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We finally made it across the Granite Bowl....and we even did it without taking any wrong turns or dropping off any of the ledges onto our heads! We found the Ellis Creek crossing and stopped there for lunch. Robert found a rock to sit on and had his toes soaking in the cool water in a few minutes. I still question whether Robert should have filed some kind of EPA paperwork or not. [insert big grin here]
We got back on the trail and pushed on towards Buck Island Lake, where we hoped to make evening camp. Lady came across this pair of rocks (the trail was still pretty much like a forest service trail at this point....not really too rough) that made for a prefect suspension flex shot. Both stuffed tires are on the bump stops and the passenger front is actually an inch or so off the ground.
If you look at the above photo, you can see the very find powdery dirt (note the tire tracks in it) that makes up the Rubicon Trail. The dirt is actually more like flour than it is dirt.....and you can not move without causing it to make a cloud around you. Even an idling engine kicks up the dust enough so that it blows into the Jeep. At one point, we discussed putting the little white disposable dust masks on our list for the next trip. The stuff is nasty to say the least.
As we worked our way eastward on the trail (note that the term "worked" is sometimes measured in a 10 yard distance), we got to Walker Rock, another series of obstacles on the trail. On this part of the trail, I was leading, so I got the duty (pleasure?) of picking a line over each new section we came to.
It was after passing Walker's Rock that I got my one and only "Rubicon Kiss" of the trip. You can see the flare got a few scratches on it. I didn't feel too bad since Michael tagged his in the exact same spot. Did I mention that the powdery dirt on top of the rocks makes for a somewhat slippery situation when you get off camber a bit?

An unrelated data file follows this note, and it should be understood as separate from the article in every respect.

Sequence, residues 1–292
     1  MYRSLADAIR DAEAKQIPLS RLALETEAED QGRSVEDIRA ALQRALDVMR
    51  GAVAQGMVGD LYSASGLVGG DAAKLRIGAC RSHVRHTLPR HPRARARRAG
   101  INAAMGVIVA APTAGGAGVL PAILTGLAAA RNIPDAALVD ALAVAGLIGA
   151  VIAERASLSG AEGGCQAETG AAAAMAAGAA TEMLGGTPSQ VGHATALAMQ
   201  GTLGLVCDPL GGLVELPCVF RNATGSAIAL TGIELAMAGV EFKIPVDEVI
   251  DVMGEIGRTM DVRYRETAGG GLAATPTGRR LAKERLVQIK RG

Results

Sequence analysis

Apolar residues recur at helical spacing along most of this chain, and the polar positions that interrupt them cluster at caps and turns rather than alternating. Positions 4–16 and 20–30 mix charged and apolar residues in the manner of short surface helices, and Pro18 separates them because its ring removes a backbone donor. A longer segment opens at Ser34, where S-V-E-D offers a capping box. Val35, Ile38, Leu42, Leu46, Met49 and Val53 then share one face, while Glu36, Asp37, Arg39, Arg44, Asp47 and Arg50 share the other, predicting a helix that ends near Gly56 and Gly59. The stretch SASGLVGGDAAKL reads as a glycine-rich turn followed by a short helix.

We continued to work towards the next obstacle as the afternoon passed. The Little Sluice Box was next on the list of things to see (or drive through?).
The pic above was taken about 50 yards back from the entrance of the Little Sluice Box. Those rocks in the middle of the photo are in the neighborhood of 3`~4' tall, some bigger, some smaller. They were blown off the face of the rock formation up and to the left of the trail by someone a year or two ago, supposedly to make this obstacle more challenging for the folks with 38"+ tires. Needless to say, we did not run it. We did walk a little ways down the trail and found a probable line up and onto the granite slab that marks the right hand boundary of the trail.
After sizing up the Little Sluice Box, we opted to take the recognized bypass that takes you across a large section of granite slab to the NE of the obstacle. We found that even the bypass had a few surprises waiting for us.
You start the bypass by climbing up the granite slab, working your Jeep between two closely spaced trees. Once through them, it is a hard left turn and onto a very steep rock face that drops you back to ground zero very quickly. Your right side tires track a line that can put you over onto your side if your spotter (or the driver) gets sloppy. Here is Bruce and his CJ-7 getting ready to drop down the rock face. Michael is spotting for him on this obstacle.
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